Imagine you’re enjoying your favorite snack or meal when all of a sudden you hear a loud crunch sound come from inside your mouth. In an instant you freeze—and immediately begin frantically moving your tongue around your mouth to know what just happened asking yourself
- Did I just bite down wrong?
- Did I break a filling?
- Did I crack a tooth?
Is there a loose piece or chunk of tooth rolling around in my mouth? Thoughts are racing through your head—worst and best case scenarios and how are you going to squeeze in an emergency dental exam appointment to repair whatever just broke.
The next day, your dentist examines your mouth and confirms your worst case scenario. You likely bit down wrong and broke a
large corner of your back chewing molar off. Your dentist then followed up and explained your options, and the pros and cons for each.
The dentist tells you, “The ideal option is to fabricate and place a dental crown. An alternate option is to place a very large dental filling”. As the dentist was reviewing the pros and cons of each option, you feel as though the dentist seemed biased and encouraged you to consider a dental crown over a dental filling. You’re likely wondering and asking yourself, why?
- Is it better to get a crown over a new filling?
- What’s the difference between a crown and a filling?
- How to know which option is best for you?
These three questions above are pertinent in helping you to make an informed decision regarding how to decide which dental restoration is best for you. Before we delve into why and which is better, a crown or a filling, let’s first differentiate and understand what the difference is between a dental crown and a dental filling.
What is the difference between a dental filling and a crown?
A dental crown is a fabricated tooth shaped restoration (cap or covering) that is permanently cemented over your existing tooth to permanently change the color, shape, and/or contour of a tooth.
- A permanent dental crown may made of porcelain, gold, or stainless steel
- Can easily last 20+ years with optimal preventive care maintenance
- Procedure requires 2 dental appointment visits, 2 weeks apart
First appointment. During the first appointment (90 minutes), the dentist will prepare your tooth to accommodate a dental crown. A tooth shade will be selected and a series of digital tooth and bite impressions will be taken and forwarded to the dental lab to fabricate your permanent dental crown. It takes most dental labs about two weeks to fabricate your dental crown. In the interim, your dentist will temporarily cement a protective covering over your prepared tooth preparation and encourage you to chew on the opposite side if possible.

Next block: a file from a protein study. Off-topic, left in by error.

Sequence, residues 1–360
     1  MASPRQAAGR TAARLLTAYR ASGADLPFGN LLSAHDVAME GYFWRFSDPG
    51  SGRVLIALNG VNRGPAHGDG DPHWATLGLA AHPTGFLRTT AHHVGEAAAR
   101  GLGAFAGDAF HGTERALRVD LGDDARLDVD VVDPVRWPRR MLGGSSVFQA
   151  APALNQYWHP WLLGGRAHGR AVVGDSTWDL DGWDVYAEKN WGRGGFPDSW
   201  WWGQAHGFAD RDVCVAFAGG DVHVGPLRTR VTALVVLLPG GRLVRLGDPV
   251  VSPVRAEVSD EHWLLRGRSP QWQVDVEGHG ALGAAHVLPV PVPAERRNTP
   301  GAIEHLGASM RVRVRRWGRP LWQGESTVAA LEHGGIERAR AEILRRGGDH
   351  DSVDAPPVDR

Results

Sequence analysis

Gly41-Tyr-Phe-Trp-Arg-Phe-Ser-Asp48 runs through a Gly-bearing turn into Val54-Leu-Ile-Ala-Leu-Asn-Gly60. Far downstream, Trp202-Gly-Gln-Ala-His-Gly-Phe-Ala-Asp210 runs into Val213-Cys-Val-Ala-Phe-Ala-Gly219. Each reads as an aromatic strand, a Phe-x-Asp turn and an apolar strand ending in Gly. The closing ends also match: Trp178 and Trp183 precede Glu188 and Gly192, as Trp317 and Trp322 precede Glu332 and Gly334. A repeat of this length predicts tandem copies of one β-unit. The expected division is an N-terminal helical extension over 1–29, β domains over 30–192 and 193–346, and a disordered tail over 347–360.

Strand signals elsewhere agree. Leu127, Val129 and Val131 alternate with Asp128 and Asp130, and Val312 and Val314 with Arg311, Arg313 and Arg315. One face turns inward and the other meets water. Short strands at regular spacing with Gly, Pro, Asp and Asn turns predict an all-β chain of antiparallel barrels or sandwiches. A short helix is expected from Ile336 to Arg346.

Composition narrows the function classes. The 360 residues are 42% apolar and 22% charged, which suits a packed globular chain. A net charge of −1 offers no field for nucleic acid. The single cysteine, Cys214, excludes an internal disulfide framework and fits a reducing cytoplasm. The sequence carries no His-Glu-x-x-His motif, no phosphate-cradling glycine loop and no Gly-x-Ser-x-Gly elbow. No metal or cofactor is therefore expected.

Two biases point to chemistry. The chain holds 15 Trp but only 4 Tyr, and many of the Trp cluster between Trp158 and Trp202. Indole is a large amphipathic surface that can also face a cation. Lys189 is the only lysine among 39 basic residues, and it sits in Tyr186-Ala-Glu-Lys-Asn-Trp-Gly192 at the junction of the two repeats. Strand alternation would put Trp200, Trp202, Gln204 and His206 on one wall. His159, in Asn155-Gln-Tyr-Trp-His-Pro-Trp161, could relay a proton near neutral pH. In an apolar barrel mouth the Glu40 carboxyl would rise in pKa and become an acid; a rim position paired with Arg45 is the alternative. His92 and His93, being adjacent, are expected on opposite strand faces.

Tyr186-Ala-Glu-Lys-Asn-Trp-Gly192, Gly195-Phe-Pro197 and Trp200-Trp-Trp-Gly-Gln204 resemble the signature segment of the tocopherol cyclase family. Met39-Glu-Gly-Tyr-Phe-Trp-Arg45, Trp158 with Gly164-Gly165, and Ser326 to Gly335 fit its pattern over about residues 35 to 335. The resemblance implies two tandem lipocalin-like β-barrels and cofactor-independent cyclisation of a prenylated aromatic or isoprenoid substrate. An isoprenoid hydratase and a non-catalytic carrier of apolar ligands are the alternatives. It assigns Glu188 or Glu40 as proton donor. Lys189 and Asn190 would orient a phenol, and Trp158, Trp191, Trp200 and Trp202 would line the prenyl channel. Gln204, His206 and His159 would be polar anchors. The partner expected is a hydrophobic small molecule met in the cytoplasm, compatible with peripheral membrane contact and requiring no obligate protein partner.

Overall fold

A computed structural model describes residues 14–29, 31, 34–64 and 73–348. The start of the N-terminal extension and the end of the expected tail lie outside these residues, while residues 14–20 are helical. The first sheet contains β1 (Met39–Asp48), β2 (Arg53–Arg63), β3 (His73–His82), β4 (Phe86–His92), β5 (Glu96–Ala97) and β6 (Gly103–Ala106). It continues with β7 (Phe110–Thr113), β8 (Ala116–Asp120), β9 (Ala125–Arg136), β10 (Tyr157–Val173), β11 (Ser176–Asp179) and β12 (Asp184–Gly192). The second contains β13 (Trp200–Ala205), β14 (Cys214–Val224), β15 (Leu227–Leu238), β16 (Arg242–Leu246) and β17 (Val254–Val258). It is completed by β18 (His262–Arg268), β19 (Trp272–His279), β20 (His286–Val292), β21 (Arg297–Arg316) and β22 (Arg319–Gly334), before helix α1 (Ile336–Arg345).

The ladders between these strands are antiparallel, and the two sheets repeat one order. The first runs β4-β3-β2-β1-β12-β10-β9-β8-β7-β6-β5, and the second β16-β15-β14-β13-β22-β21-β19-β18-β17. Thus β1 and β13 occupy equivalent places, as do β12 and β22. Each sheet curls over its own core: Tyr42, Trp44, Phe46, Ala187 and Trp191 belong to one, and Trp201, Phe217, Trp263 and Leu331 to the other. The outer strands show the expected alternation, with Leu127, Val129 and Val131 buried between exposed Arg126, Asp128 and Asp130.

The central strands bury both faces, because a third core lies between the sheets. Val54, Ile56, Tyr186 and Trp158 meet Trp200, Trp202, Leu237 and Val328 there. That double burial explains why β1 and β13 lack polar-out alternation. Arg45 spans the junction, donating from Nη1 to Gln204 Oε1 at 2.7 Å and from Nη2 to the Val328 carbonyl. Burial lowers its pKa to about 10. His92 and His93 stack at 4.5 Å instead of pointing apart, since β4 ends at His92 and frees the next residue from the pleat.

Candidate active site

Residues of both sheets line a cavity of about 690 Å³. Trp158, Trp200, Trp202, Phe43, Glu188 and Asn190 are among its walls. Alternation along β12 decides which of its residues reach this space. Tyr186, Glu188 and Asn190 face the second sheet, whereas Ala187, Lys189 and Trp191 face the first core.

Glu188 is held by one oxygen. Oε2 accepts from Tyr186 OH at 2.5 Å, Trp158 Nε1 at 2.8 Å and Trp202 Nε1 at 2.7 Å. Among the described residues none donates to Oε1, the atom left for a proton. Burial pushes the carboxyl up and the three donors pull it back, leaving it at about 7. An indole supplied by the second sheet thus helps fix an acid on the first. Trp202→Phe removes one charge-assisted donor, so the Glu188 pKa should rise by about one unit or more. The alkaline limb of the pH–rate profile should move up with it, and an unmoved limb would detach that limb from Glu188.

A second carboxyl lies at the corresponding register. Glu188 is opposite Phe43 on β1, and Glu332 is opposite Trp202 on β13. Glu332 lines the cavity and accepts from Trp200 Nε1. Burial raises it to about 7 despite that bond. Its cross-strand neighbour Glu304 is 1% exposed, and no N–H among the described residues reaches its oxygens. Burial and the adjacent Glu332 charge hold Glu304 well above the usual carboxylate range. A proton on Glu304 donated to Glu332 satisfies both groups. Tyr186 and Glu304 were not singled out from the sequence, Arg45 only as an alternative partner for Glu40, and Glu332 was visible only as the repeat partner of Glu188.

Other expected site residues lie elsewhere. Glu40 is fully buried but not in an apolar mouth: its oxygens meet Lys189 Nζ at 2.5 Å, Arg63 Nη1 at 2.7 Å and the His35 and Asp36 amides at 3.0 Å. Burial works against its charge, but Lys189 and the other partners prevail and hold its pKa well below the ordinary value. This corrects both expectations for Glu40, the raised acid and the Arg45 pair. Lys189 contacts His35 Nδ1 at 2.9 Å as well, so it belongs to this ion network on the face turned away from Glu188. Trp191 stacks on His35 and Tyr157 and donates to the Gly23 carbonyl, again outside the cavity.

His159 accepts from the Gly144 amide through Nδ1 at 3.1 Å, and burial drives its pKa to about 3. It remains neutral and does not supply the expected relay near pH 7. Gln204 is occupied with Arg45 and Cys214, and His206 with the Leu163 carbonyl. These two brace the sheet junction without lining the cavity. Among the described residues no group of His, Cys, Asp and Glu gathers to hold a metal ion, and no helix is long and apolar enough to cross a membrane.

Second appointment. During the second appointment (30 minutes), the dentist will remove the temporary covering and place the permanent crown. The dentist will check the fit and make any necessary adjustments prior to permanently cementing your dental crown.
A dental filling is a synthetic material that is placed inside a prepared tooth cavity in order to restore the strength, function, and shape of a decayed, broken, chipped, or severely worn tooth.
- Dental fillings may be made of: composite (aka white fillings), amalgam (aka silver filling), glass ionomer (aka Fuji fillings), porcelain, or gold
- Can easily last 8 to 12 years with optimal preventive care maintenance
- Restoration is often placed in a single appointment (excludes porcelain or gold fillings)
Dental filling procedure. Once your tooth is feeling completely numb, the dentist will remove any tooth decay and prepare your tooth to retain a dental filling. Once prepared, a dental filling will be placed and contoured and adjusted according to your bite.
So in the scenario above, placement of a dental crown seems like a much better option—long term as a dental crown would restore, protect, and cover the the tooth better than a dental filling.
Why is a dental crown often times the better choice—long term?
When a tooth requires restoring more than 50% of the visible tooth, a dental crown is most often the superior choice to a dental filling. A dental filling is held in place by mechanical retention inside your natural tooth structure.